The Ancestor's Tale takes us from our immediate human ancestors back through what he calls concestors, those shared with the apes, monkeys and other mammals and other vertebrates and beyond to the dim and distant microbial beginnings of life some 4 billion years ago. It is a remarkable story which is still very much in the process of being uncovered. And, of course from a scientist of Dawkins stature and reputation we get an insider's knowledge of the most up-to-date science and many of those involved in the research. And, as we have come to expect of Dawkins, it is told with a passionate commitment to scientific veracity and a nose for a good story. Dawkins's knowledge of the vast and wonderful sweep of life's diversity is admirable. Not only does it encompass the most interesting living representatives of so many groups of organisms but also the important and informative fossil ones, many of which have only been found in recent years.
Dawkins sees his journey with its reverse chronology as cast in the form of an epic pilgrimage from the present to the past [and] all roads lead to the origin of life. It is, to my mind, a sensible and perfectly acceptable approach although some might complain about going against the grain of evolution. The great benefit for the general reader is that it begins with the more familiar present and the animals nearest and dearest to usour immediate human ancestors. And then it delves back into the more remote and less familiar past with its droves of lesser known and extinct fossil forms. The whole pilgrimage is divided into 40 tales, each based around a group of organisms and discusses their role in the overall story. Genetic, morphological and fossil evidence is all taken into account and illustrated with a wealth of photos and drawings of living and fossils forms, evolutionary and distributional charts and maps through time, providing a visual compliment and complement to the text. The design also allows Dawkins to make numerous running comments and characteristic asides. There are also numerous references and a good index.-- Douglas Palmer --This text refers to an out of print or unavailable edition of this title.
All in all, this is a fascinating and enjoyable book and well worth reading.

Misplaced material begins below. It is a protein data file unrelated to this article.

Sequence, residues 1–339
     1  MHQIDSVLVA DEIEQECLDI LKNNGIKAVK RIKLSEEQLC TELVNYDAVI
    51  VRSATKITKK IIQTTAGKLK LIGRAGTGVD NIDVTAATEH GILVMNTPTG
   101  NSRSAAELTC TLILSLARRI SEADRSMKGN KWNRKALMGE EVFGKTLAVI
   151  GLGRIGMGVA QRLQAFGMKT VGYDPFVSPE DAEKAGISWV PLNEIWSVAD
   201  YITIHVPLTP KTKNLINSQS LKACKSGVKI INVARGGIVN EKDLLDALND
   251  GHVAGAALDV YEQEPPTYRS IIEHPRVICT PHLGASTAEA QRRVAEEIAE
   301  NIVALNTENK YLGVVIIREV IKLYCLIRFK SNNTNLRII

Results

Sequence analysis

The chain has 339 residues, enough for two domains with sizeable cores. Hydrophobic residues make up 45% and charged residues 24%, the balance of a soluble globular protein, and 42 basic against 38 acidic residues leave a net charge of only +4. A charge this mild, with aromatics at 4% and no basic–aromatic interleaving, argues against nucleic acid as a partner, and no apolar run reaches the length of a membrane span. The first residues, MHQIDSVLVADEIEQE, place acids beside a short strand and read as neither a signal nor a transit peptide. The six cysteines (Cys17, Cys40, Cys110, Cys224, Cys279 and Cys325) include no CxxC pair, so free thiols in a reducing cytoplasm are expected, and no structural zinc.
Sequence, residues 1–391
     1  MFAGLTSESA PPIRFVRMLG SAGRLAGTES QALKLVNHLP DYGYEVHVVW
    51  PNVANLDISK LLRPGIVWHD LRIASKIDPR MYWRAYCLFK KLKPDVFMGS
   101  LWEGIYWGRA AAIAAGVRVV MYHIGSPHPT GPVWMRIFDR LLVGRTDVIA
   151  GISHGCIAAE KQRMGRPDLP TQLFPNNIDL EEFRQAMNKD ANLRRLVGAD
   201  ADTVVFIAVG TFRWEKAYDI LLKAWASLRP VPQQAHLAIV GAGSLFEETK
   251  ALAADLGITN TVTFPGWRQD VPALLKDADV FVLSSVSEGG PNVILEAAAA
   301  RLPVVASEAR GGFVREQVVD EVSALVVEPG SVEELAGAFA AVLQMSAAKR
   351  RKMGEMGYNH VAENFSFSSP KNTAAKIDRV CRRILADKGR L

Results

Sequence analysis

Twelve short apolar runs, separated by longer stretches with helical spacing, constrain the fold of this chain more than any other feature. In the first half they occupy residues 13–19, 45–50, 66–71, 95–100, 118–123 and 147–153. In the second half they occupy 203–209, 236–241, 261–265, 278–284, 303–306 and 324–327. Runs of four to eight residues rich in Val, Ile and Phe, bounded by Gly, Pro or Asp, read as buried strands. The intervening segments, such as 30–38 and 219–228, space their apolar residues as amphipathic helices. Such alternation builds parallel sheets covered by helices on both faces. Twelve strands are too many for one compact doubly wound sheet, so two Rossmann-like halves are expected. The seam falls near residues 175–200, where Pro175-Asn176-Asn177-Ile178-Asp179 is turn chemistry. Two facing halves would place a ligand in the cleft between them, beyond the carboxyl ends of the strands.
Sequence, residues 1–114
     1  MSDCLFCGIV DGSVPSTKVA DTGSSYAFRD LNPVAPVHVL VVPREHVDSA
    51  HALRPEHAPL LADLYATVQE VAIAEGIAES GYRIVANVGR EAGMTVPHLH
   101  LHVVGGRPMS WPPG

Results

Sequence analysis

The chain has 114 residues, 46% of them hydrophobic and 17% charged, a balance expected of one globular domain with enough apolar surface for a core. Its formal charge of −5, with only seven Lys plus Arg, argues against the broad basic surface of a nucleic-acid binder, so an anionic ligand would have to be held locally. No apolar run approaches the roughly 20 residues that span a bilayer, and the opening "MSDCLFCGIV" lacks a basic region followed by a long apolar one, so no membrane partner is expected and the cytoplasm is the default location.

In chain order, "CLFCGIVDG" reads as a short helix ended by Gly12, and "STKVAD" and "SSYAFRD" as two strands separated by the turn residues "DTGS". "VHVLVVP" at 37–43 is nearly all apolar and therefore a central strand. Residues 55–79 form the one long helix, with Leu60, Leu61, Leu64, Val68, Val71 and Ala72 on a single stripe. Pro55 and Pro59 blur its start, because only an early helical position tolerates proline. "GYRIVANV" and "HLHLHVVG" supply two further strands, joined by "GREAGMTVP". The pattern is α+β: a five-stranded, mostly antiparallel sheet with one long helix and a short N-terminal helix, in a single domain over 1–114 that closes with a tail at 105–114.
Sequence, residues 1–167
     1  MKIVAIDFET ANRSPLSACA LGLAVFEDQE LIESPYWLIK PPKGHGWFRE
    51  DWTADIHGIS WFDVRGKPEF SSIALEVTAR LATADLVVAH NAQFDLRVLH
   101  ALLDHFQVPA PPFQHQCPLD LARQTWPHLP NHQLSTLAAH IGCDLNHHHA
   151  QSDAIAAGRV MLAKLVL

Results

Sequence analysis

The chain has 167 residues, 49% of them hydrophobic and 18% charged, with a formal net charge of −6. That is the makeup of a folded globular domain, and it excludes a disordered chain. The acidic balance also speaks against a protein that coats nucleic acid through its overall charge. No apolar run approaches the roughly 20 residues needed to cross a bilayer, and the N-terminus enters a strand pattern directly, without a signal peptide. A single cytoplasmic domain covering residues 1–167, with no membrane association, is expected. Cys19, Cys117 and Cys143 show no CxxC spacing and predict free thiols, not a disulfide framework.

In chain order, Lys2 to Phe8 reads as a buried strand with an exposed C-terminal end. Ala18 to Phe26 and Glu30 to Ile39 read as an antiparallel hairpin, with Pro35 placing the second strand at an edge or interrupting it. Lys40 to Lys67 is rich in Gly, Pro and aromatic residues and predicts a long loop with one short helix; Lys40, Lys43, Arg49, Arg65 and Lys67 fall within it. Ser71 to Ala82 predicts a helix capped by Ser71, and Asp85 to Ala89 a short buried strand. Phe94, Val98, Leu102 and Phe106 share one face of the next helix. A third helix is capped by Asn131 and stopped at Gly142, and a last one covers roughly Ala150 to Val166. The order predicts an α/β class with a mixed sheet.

In summary, I really enjoyed this book, and would highly recommend it to anyone interested in mankind's ancestors and evolution.
I very rarely put a book aside once I start - this one was in my "to be read" stack with only the first 5 pages read.
As with all of his books that I've read Dawkins is thorough in his arguments to the point of slow and long winded. Read morePublished 2 months ago by D. Maidment
First of all, let me make it clear that I agree with Richard Dawkins on most matters religious and political, so I don’t have any axe to grind with him on that score. Read morePublished 3 months ago by Karl Janssen
This book is not for the faint of heart. It's a massive biography of the human race that begins in the modern day and traces our ancestry backwards to the beginning of life... Read morePublished 3 months ago by Lindsey
I learned a lot I didn't know I was lost at times but I feel like this would be better the second time around parts were slow but it picked up once I got past the primates really... Read morePublished 3 months ago by Deion
This review applies to the CD and not the book but I am sure that there will not be much difference between the two. Read morePublished 3 months ago by Bob's Beekeeping
I love Richard Dawkins and his writings on evolutionary biology. I can't wait to read this one now that I have it.Published 4 months ago by susan petronio
I got this book based on Richard's personal reply to my question as to which of his books I should read and it was wonderful.He's a master really. Lucid work.Published 4 months ago by Zelalem Dawit
I've never had so much fun learning so much. The impressive scope could have been tedious but the fascinating traveling companions, to whose perspectives Dawkins ably gives a... Read morePublished 5 months ago by N. Pitchford
This is not easy to understand, you're not going to speed-read though this and come out with much - but if you stick with and take it small doses you'll slowly build up a picture... Read morePublished 5 months ago by Mark Robertson